To implement a command line interpreter or, as it is more commonly known, a shell. The shell should operate in this basic way: when you type in a command (in response to its prompt), the shell creates a child process that executes the command you entered and then prompts for more user input when it has finished.
#### Project 2b: xv6 Scheduler
To implement a simplified multi-level feedback queue (MLFQ) scheduler in xv6.
The basic idea is simple. Build an MLFQ scheduler with four priority queues; the top queue (numbered 0) has the highest priority and the bottom queue (numbered 3) has the lowest priority. When a process uses up its time-slice, it should be downgraded to the next (lower) priority level. The time-slices for higher priorities will be shorter than lower priorities.
## My work
#### Linux: my shell
I put most of the parsing, internal command, and fork() into a function called
runCommand for the convenience of implementing the ! internal command. Circular array
is used to store the history commands, of which the maximum size is 20. If there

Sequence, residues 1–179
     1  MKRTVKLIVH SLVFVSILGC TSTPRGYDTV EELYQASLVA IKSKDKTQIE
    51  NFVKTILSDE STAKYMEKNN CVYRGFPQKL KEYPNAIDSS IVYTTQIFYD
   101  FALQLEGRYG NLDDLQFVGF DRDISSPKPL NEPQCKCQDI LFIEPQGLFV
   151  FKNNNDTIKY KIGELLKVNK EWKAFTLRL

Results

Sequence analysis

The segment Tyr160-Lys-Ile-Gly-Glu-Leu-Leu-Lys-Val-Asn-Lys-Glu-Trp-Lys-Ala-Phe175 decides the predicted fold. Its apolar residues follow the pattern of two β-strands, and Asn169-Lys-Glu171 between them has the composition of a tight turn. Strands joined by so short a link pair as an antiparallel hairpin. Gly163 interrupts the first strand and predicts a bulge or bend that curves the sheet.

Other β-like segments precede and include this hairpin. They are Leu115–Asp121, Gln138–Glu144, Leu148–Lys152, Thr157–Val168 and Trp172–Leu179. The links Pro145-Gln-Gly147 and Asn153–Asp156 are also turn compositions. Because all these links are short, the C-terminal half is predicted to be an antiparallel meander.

is redirection, the command stores in the tokens global variable and the redirection
file stores in the outputs global variable.
#### xv6: MLFQ scheduler
To make a MLFQ scheduler, I mainly modified the codes in two functions, alloproc()
and scheduler(). To store the processes, I built up 4 queues representing four
levels using singly linked list with head and tail pointer. In alloproc(), I
enqueued the processes, initialized them and put them at the end of the top level
priority queue. In scheduler(), I searched from the start of the top level queue
and as soon as I found a RUNNABLE proc, I chose it to run. After running, if the
timer ticks of the proc in this level exceeded this time slice of this level,
dequeued it and added it to the end of the next level ( the lowest level is
different, needed to add the end of the same level) and then researched RUNNABLE
proc from the start of the top level queue. Besides, if a UNUSED proc is met in the
searching, dequeued it.